As I was recently reflecting during our recent Independence Day celebration, I remembered just how much we have to be thankful for, even if it’s just to live in this country. While yes, we have many obstacles and challenges to work through, at the end of the day, we live in a country where we can openly voice our opinions, go where we please, and live our lives freely. And that’s something to celebrate!
There is, however, a developing problem with our basic freedoms that is steadily distracting us from our families and friends. In many ways, we are more isolated than ever due to the ubiquitous attraction, some may say addiction, to our smartphones.
This Fourth of July, did you take a lot of photos or videos on your smartphone? Many of us did, I’m sure. How much time did you spend sharing those photos to Facebook? How much time was spent posting your fireworks videos to Instagram or commenting to wish your social media “friends” a “Happy Fourth of July!”?
Smartphones are no longer just for talking; they are our connection to family, friends, work… the world is at our fingertips. But, this constant pummeling of information has negatively affected our actual face-to-face dialoguing and human interaction. Though we may be physically present, we are often preoccupied, inattentive, or distant. We are not present, even though we are physically there.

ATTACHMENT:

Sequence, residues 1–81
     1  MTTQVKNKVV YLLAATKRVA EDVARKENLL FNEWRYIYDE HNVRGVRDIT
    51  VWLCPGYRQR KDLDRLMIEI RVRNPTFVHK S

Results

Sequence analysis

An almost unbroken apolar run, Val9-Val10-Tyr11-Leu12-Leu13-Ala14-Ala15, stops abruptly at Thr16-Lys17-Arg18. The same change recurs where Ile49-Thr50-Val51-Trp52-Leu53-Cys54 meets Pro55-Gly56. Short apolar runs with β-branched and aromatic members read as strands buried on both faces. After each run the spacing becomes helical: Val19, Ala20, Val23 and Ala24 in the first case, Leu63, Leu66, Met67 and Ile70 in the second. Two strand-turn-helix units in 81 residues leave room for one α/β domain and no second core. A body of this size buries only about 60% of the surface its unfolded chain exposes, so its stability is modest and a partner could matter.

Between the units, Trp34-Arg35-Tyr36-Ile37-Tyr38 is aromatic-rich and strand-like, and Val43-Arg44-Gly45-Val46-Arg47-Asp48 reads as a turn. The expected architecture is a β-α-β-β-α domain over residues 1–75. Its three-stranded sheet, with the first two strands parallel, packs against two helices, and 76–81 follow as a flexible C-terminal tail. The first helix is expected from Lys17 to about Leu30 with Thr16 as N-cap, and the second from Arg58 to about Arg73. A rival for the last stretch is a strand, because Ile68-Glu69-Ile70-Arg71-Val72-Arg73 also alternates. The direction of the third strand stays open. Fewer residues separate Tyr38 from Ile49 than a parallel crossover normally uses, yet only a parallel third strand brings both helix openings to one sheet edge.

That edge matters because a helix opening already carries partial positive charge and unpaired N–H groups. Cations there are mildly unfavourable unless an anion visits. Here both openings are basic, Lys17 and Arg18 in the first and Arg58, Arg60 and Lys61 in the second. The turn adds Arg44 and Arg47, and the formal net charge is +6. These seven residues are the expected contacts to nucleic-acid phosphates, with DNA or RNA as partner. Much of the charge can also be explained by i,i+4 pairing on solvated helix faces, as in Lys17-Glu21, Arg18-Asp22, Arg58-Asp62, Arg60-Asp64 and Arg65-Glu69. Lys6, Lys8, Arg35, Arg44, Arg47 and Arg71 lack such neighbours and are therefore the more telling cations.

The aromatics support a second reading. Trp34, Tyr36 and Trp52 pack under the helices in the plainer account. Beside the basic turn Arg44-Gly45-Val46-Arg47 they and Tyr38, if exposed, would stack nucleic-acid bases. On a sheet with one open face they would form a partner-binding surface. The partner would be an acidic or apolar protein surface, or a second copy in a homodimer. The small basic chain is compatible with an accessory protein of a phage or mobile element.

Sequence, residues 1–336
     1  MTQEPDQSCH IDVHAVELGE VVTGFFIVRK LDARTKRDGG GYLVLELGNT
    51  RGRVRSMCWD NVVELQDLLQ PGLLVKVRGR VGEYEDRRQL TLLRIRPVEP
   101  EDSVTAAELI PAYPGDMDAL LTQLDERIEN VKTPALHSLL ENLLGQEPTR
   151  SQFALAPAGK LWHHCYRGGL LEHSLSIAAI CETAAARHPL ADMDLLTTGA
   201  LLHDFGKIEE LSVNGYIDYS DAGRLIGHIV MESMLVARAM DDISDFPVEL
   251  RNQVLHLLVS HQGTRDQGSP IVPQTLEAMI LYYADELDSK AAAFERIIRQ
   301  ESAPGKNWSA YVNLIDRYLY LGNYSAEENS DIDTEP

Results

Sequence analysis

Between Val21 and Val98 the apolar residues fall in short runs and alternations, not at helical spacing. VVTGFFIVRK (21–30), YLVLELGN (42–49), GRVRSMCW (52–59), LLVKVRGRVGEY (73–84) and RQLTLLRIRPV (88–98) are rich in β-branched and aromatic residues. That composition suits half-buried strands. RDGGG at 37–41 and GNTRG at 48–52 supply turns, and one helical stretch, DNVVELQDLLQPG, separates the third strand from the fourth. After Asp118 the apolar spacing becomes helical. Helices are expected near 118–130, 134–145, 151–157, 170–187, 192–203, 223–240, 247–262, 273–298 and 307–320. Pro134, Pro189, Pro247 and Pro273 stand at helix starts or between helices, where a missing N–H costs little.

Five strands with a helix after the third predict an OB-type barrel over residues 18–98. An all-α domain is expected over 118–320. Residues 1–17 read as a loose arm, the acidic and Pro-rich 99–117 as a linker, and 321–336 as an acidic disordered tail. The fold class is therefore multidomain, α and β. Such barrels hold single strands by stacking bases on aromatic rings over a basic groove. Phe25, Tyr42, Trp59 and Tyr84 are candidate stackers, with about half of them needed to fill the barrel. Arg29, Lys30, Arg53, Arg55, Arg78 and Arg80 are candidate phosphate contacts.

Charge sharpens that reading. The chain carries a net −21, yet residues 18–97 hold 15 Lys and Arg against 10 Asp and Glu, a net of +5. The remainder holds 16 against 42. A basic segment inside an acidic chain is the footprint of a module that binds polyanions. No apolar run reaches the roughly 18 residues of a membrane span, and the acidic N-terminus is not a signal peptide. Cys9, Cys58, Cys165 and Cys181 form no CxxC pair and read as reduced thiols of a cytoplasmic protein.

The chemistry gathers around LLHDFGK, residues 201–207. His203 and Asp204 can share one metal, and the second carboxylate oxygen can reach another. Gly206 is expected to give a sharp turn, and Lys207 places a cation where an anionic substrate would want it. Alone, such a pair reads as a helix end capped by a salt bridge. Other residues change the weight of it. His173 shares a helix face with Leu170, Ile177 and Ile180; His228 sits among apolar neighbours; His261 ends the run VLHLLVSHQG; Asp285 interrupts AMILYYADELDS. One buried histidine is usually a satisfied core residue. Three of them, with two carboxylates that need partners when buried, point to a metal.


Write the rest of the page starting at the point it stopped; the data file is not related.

I’m sure you’ve all heard stories or seen viral videos of individuals so fixated on their handheld devices that they run into things, trip, or stumble to the ground. I find it even worse when people are sitting next to each other, but not communicating, because one or both of them are having other ’conversations’ through their smartphones.
Likewise, it’s not actual family time when everyone has a device and they are all doing their own thing (i.e. playing video games, watching videos, etc). You might as well all be in solitary confinement.
Young people, especially children, require social interaction with their families and friends to acquire basic verbal and social skills. Smartphones can’t teach social skills, manners, or how to be a nice human.
While technology offers us many amazing things, it can never be a substitute for your presence, attention, or your smile.
So try taking an occasional break from your phone and encourage an unplugged environment with your family!